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New York City Ballet: A Midsummer Night’s Dream
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New York City Ballet: A Midsummer Night’s Dream

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New York City Ballet
(New York City Ballet Website)

A Midsummer Night’s Dream
Ballet in Two Acts and Six Scenes

Founders, George Balanchine and Lincoln Kirstein
Founding Choreographers: George Balanchine and Jerome Robbins
Ballet Master in Chief, Peter Martins
Ballet Mistress, Rosemary Dunleavy
Children’s Ballet Master, Garielle Whittle
Orchestra, Music Director, Fayçal Karoui
Managing Dir. Communications & Special Projects, Robert Daniels
Manager, Media Relations, Katharina Plumb
Assoc., Communications &Special Projects, Caitlin Gillette
The David H. Koch Theater, Lincoln Center
www.lincolncenter.org


Dr. Roberta E. Zlokower
June 6, 2012


(Read More NYC Ballet Reviews).

Conductor: Andrews Sill

A Midsummer Night’s Dream (1962): Music by Felix Mendelssohn, Choreography by George Balanchine, Scenery by David Hays, Costumes by Karinska, Original Lighting by Ronald Bates, Lighting by Mark Stanley, Performed by Teresa Reichlen as Titania, Gonzalo Garcia as Oberon, Adam Hendrickson as Puck, Rebecca Krohn as Helena, Sterling Hyltin as Hermia, Jonathan Stafford as Lysander, Zachary Catazaro as Demetrius, Ana Sophia Scheller as Hippolyta, Joshua Thew as Theseus, Ask la Cour as Titania’s Cavalier, Christian Tworzyanski as Bottom, Brittany Pollack as Butterfly, Megan Fairchild and Sébastien Marcovici in Divertissement, Singers: Bridget Hogan, Soprano, Margaret Peterson, Mezzo-Soprano, and Chorus, Children from The School of American Ballet as Oberon’s Kingdom, Butterflies and Fairies, and the Company as Butterflies, Oberon’s and Titania’s Pages, Bottom’s Companions, Courtiers to Theseus, Titania’s Retinue, Hippolyta’s Hounds, Courtiers, and Divertissement Dancers.

The Mendelssohn ballet score includes music composed for the Shakespeare play, during a seventeen-year period, as well as a variety of overtures. The play relates adventures and misadventures, through reality and illusion, including requited and unrequited love, even between a fair queen and a donkey. Midsummer Night is June 23rd (St. John’s Eve), when fairies are present during the summer solstice of fertility rites and festivals. The 1595 play was also the source for a one-act Ashton ballet and a Britten opera. A Midsummer Night’s Dream was Balanchine’s first full-length ballet that he choreographed in the US, and it opened New York City Ballet’s first repertory season at Lincoln Center in 1964. (NYCB Notes).

As Titania, Ms. Reichlen was sublime, first filled with self-protection, later melting with ardor. As Oberon, Mr. Garcia was perfectly cast, playful, impetuous, lustful, and quite persistent. Both danced with theatrical gestures. Adam Hendrickson, as Puck, was impressive and not overly campy. His leaps and jumps were cat-like, silent, well formed. As the story goes, a long red rose, dusted against the face of a sleeping character, forces that character to fall in love with the first person he/she sees on awakening.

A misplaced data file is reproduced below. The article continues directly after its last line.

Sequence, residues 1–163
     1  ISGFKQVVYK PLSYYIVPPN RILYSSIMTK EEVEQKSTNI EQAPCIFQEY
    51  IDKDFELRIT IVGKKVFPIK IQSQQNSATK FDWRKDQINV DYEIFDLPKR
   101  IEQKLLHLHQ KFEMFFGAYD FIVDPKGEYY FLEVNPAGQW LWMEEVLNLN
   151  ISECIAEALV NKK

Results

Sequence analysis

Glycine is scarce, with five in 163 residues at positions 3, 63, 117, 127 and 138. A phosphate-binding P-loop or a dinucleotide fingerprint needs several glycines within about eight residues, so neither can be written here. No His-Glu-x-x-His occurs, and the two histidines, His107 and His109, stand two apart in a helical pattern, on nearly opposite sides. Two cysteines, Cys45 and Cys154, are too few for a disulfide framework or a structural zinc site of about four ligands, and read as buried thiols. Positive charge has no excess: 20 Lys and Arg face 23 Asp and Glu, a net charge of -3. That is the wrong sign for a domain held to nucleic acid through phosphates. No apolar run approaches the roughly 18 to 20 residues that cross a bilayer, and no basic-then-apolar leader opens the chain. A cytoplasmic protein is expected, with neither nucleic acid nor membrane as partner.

Today’s cast made much of those roses, and Helena (Rebecca Krohn), Demetrius (Zachary Catazaro), Hermia (Sterling Hyltin), and Lysander (Jonathan Stafford), all fell in and out of love with each other, with silent-film-worthy racing about, chasing whomever they awoke to fall in love with. Ms. Hyltin caught my eye with her total absorption of the role. Of course, as this comedy proceeds, all is well at the conclusion, and couples are paired off as they should be. Those campy scenes were priceless. Of these four dancers, Ms. Krohn and Mr. Catazaro seemed the most impassioned and persuasive. Ana Sophia Scheller was a forceful Hippolyta, Queen of the Amazons, whipping in fouettés, in stunning mythological motif. Joshua Thew, as Theseus, Duke of Athens, threw himself into the moment, and Brittany Pollack, as Butterfly, was omnipresent, lyrical, and ethereal, in this dreamlike ballet about a dream.

Ask la Cour, as Titania’s Cavalier, is elegantly cast, as always, in the role. He was poised, chivalrous, and attentive. Christian Tworzyanski was a witty and warm Bottom, a donkey a child could love. His Bottom was vulnerable and charismatic. In the Act II Divertissement, Megan Fairchild stole the show, partnered aptly by Sébastien Marcovici. Ms. Fairchild danced with spritely, whimsical, energized enchantment. The children of SAB were adorable butterflies and fairies, running and scampering by the dozen, and the Corps kept the action busy, in the dimness of Act I and the glow of Act II.

The Act II Wedding scene, in the Court of Theseus in Athens, was very Balanchine-esque, with ensembles in dance designs that branched into moving patterns and figures that persistently engaged the eye. The solo singers and Chorus kept the Mendelssohn score colorful and vibrant, while Andrews Sill brought out the tones of City Ballet Orchestra’s strings and horns. David Hays’ pink-green-gossamer scenery is worth the experience alone, as are Karinska’s costumes, with wings, feathers, jewels, and silk. Mark Stanley had a large task in the shifting lighting, and he mastered it with expertise. The audience was laughing and appeared audibly entertained, good to hear. Kudos to Peter Martins and New York City Ballet for a splendid Spring 2012 Season.


Teresa Reichlen in
Balanchine's "A Midsummer Night's Dream"
Courtesy of Paul Kolnik



Ana Sophia Scheller in
Balanchine's "A Midsummer Night's Dream"
Courtesy of Paul Kolnik



For more information, contact Dr. Roberta E. Zlokower at zlokower@bestweb.net